Coming from the European state church, German immigrants were unaccustomed to the bewildering array of denominations and the voluntary nature of American religion. Many would join any church that wasn’t Catholic. An Iowa minister’s 11 members included 3 who had been Congregationalists, 2 Associate Reformed Presbyterians, 1 Lutheran, 2 Methodists, 2 Cumberland Presbyterians, and 1 “person reared under Presbyterian influences.” Pastors of both the Missouri and Wisconsin synods seem to have shared (with Lutherans in general) a particular distaste for Methodists, accusing them and other aggressive sects of sheep-stealing immigrant Lutherans.
footnote: Walther once wrote that “the Methodists are thieves who gladly break in when the shepherd is not there. They do not come except to steal, to seize, and to destroy.” Martin Marty remarked that Lutherans “never tired of telling stories like the one about a Methodist ‘spiritual vulture’ who conducted a communion service for immigrants in Michigan and boasted, ‘Look here at all the money the dumb Germans have given me for the little bread and wine I gave them!’ Methodists were ‘wolves and hucksters’ who ‘plied their wares of false doctrine.’” Righteous Empire: The Protestant Experience in America. end footnote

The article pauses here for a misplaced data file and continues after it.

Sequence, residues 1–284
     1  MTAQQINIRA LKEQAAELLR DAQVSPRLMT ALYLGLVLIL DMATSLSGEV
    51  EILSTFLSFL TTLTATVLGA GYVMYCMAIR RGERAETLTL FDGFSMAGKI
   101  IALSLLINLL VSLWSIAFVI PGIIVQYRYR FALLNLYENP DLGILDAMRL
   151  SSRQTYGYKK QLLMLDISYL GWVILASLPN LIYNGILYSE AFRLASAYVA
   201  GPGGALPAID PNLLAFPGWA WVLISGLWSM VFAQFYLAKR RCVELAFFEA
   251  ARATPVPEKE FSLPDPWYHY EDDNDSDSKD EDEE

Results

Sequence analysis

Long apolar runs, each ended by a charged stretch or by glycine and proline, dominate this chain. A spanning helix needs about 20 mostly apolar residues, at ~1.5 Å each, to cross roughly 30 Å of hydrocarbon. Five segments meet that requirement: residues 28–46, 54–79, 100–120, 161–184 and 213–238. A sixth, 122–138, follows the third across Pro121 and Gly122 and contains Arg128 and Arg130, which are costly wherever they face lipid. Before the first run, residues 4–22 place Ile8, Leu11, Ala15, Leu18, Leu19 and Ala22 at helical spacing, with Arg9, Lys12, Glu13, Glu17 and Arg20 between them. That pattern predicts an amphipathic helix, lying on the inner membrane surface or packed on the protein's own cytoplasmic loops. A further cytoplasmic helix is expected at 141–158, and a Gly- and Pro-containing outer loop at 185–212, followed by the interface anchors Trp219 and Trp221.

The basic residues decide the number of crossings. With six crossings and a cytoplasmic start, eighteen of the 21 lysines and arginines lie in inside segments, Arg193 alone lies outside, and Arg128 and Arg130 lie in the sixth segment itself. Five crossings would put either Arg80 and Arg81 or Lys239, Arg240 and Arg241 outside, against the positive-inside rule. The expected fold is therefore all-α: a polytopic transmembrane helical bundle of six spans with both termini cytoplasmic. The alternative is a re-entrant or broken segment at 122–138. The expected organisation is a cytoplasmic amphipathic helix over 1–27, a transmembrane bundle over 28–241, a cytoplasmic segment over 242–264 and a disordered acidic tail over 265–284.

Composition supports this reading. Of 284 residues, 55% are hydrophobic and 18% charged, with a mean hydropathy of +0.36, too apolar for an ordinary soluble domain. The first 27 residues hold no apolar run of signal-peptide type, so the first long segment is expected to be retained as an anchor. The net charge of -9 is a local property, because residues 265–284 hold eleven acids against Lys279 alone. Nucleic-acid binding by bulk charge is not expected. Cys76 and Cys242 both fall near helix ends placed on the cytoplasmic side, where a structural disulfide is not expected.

Neither Johannes Muehlhaeuser, founder of the Wisconsin Synod, nor Carl Ferdinand Wilhelm Walther, key figure in the formation and early development of the Missouri Synod, could be regarded as faint of heart. Both conducted their ministries amid rugged circumstances on the western edge of the American frontier. Both brought to America fiercely held convictions regarding Lutheran teaching and practice. Both brought a zeal to serve souls with the gospel. Yet their differences, rather than their similarities, impacted their church bodies and set their respective synods on parallel but disparate courses.
footnote: E. Theodore Bachmann, remarked, “The usual interpretation in the Missouri Synod has made Walther the guiding genius of the Synod. Sihler, Wyneken, and others are said to have read the early issues of Der Lutheraner and rejoiced, urging upon Walther a union of like-minded pastors. Indeed, the testimony of these men praise Walther.” This one-sided emphasis was preserved in such standard works as W. H. T. Dau, editor., Ebenezer: Reviews of the Work of the Missouri Synod during Three Quarters of a Century. end footnote
It is impossible to overestimate the importance of Walther’s theological acumen, evangelical spirit, and compelling personality to the development of the Missouri Synod. He has been called “the American Luther,” and his theology and career were shaped by a crisis of faith similar to that of the Great Reformer.
footnote: Preaching at Concordia Seminary on May 14, 1887, one week after Walther’s death, Rev. H. Birkner called him “this most gifted son of the great Reformer” and “the Luther of our American Church.” end footnote